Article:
In addition to its main hub at the Chicago Cultural Center, the Biennial will feature six neighborhood “anchor sites” outside of downtown. They include the Beverly Arts Center in the Beverly community, the DePaul Art Museum in Lincoln Park, the DuSable Museum of African American History in Washington Park, the Hyde Park Art Center in Hyde Park, the National Museum of Mexican Art in Pilsen, and the National Museum of Puerto Rican Arts and Culture in Humboldt Park.
This year’s Chicago Architecture Biennial launch aligns with EXPO Chicago, Navy Pier’s annual art and design convention. Running through January 7, 2018, the Biennial will feature 141 participants from 20 countries and will showcase the work from local artists and designers such as Ania Jaworska, Daniel Everett, David Schalliol, Iñigo Manglano-Ovalle, Marshall Brown, Norman Kelley, and many others. The full list of firms and artists participating in this year’s edition can be seen on the Chicago Architecture Biennial’s website.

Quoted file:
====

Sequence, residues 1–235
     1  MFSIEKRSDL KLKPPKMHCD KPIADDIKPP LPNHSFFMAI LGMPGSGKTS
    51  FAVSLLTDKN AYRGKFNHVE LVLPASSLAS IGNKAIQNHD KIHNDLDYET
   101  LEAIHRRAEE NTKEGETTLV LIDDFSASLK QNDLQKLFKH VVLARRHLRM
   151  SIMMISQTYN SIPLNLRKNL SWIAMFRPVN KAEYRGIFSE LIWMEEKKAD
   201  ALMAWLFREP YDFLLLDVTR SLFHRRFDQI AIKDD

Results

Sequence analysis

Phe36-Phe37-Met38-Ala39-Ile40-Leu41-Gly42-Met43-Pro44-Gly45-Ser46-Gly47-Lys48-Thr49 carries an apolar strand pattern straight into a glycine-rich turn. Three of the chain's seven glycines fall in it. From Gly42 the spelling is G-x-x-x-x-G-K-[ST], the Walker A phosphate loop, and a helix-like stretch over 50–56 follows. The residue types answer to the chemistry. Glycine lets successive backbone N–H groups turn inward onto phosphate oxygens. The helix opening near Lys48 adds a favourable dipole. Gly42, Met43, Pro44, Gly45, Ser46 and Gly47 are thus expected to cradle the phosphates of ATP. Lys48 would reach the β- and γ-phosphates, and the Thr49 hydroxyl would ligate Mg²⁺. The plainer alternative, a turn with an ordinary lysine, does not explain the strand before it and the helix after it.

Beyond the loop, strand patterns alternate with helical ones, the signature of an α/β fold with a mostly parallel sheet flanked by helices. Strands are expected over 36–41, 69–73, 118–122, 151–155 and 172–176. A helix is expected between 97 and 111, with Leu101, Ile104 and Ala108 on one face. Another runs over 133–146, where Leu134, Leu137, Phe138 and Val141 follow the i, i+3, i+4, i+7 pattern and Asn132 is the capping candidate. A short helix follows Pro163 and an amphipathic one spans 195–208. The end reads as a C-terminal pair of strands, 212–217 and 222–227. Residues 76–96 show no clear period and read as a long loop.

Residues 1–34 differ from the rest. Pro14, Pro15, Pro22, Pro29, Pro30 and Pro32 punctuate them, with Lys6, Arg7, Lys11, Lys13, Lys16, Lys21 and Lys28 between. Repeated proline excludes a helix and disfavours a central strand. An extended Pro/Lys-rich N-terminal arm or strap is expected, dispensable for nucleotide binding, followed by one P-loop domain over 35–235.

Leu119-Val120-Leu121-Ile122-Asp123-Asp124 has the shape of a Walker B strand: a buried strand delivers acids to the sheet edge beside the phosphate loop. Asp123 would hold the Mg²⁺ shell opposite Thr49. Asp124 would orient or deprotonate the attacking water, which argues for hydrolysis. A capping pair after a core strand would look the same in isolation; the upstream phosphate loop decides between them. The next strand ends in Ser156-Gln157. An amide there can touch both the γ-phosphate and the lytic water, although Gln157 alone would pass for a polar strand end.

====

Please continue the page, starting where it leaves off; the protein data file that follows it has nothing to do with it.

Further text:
Riot Fest might be taking over town for the weekend, but there’s still plenty to do, and most of these activities are a whole lot quieter than the riotous fest.
Festival favorite at Music Box
“Columbus” has been one of the darlings of the film festival circuit this year, and it’s also been playing at Music Box Theatre for the last week. If you want to see it, Thursday is your last chance, with shows at 2 p.m., 4:15 p.m., 7 p.m. and 9:30 p.m. The critically acclaimed drama hits close to home, literally, telling the story of a man who leaves Korea for a return to his Midwestern home in Columbus, Ind., to see his hospitalized, dying father and winds up connecting with a local woman over his dad’s death and her dreams. Tickets: $11 at musicboxtheatre.com.